Kara Bombach assists companies to lawfully export goods, technology and services around the globe. She places significant emphasis on helping clients achieve practical, workable solutions to complex regulatory situations arising under anti-corruption and anti-bribery measures (U.S. Foreign Corrupt Practices Act (FCPA) and OECD Convention), export control laws (EAR and ITAR), anti-boycott laws, and special sanctions (embargoes) maintained by the U.S. government (OFAC and other agencies) against various countries (including Iran, Cuba and Sudan), entities and individuals....

Brigid F. Cech Samole Miami Shareholder Appellate practice Bankruptcy appeals Environmental and land use litigation Financial regulatory and compliance Litigation trial support

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Yosbel Ibarra, Greenberg Traurig Law Firm, New York and Miami, Corporate Law Attorney

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Fluent in Spanish, Yosbel has spent his career advising clients doing business in the United States, Spain and across Latin America. He is consistently recognized...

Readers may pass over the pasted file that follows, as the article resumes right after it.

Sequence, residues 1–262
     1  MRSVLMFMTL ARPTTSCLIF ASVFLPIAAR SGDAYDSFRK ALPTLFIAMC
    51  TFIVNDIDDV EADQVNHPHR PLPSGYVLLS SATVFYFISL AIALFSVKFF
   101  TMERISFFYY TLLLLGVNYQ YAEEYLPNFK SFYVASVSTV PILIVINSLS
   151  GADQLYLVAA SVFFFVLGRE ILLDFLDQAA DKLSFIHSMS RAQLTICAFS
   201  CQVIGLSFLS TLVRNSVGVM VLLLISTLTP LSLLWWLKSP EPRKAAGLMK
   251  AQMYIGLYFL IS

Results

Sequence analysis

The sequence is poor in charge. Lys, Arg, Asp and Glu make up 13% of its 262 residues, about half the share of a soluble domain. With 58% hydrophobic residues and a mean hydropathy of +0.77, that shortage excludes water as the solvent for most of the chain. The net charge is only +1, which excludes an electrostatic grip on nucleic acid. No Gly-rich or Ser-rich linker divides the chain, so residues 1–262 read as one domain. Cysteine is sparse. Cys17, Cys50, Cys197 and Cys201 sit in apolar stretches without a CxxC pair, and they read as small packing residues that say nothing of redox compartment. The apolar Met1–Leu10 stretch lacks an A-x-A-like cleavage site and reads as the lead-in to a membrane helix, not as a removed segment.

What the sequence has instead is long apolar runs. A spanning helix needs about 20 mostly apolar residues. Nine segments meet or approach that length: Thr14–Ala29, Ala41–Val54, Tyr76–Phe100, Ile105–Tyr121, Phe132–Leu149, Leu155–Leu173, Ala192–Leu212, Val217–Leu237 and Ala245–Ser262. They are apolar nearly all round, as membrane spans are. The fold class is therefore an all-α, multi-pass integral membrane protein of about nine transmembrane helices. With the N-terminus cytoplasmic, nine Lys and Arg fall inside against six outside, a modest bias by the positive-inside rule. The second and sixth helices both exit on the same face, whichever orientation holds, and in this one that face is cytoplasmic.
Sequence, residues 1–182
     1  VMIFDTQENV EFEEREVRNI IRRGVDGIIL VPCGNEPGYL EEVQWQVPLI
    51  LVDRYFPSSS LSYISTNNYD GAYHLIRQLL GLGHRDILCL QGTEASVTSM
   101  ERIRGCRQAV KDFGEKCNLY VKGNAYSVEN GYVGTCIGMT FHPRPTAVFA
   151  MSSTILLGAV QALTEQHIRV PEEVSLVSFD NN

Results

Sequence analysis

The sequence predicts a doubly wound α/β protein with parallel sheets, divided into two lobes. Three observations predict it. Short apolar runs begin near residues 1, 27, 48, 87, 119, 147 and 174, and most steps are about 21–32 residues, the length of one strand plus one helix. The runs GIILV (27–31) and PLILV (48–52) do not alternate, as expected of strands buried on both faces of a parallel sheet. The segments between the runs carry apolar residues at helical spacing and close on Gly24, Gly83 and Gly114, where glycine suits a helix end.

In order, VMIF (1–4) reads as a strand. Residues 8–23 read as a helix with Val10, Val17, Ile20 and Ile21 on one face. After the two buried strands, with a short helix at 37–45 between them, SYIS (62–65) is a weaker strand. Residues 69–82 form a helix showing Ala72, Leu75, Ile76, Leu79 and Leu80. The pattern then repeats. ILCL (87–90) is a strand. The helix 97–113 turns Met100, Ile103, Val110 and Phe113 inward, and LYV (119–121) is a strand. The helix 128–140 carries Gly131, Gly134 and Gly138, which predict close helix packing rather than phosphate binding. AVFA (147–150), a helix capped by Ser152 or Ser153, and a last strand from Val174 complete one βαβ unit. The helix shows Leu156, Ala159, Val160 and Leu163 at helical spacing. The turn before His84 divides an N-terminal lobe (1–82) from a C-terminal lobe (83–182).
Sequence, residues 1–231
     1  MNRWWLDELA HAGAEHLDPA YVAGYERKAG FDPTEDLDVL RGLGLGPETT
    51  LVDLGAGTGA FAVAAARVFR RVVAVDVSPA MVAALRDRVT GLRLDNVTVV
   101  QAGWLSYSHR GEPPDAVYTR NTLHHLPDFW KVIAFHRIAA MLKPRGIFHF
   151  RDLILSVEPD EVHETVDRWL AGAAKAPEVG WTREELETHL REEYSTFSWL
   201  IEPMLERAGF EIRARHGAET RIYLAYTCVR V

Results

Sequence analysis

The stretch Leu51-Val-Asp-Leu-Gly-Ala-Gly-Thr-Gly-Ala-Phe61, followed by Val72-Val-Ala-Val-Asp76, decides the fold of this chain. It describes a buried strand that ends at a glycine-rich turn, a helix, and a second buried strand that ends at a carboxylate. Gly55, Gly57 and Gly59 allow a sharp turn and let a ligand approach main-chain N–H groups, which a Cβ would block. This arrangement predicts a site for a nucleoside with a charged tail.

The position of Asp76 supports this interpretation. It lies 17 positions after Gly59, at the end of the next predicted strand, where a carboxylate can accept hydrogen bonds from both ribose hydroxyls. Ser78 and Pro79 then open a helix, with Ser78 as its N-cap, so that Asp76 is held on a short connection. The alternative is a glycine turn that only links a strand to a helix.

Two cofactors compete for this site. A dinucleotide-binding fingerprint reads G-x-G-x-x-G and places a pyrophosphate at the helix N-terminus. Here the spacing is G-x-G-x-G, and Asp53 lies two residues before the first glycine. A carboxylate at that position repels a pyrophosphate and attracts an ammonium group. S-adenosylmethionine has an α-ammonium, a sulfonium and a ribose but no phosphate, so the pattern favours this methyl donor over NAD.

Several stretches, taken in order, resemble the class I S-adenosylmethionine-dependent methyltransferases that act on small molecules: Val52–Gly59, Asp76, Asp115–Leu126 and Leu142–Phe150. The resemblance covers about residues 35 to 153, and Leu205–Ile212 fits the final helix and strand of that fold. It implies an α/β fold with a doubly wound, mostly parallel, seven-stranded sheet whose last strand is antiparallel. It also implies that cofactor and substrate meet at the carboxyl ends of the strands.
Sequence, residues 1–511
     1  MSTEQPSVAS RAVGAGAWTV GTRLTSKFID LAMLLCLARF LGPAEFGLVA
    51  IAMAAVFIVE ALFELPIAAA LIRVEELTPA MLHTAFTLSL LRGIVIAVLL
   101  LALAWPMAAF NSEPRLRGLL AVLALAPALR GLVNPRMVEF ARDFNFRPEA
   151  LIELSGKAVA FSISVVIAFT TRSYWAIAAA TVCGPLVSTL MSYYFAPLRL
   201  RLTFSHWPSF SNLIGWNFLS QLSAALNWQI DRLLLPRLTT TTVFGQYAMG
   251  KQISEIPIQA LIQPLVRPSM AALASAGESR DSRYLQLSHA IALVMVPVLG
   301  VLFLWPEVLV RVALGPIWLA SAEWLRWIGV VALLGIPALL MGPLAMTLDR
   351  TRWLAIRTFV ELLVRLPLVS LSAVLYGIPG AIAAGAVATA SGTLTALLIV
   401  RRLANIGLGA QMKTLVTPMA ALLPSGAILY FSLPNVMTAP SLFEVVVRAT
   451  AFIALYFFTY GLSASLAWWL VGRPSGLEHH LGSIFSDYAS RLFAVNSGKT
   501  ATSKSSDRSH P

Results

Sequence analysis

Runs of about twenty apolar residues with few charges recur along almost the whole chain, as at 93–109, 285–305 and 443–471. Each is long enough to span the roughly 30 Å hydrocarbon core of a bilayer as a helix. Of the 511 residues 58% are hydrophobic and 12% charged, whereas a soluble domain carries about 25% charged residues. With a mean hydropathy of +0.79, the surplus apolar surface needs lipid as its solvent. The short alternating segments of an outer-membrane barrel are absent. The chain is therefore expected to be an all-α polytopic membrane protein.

Michael N. Kreitzer Shareholder Miami Litigation Trial Practice

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Francisco O. Sanchez SHAREHOLDER GT Law Litigation International Arbitration & Litigation White Collar Defense & Special Investigations Trial Practice Latin America Practice

Francisco is a business litigator who focuses on assisting clients in resolving disputes and achieving business objectives in the most cost-effective manner possible. In addition to handling complex commercial matters of various types, including federal and state court litigation, administrative proceedings, and international and domestic arbitrations, Francisco's practice includes conducting internal corporate investigations and advising clients regarding a variety of regulatory compliance and other internal corporate issues. Francisco's current client base consists of a variety of...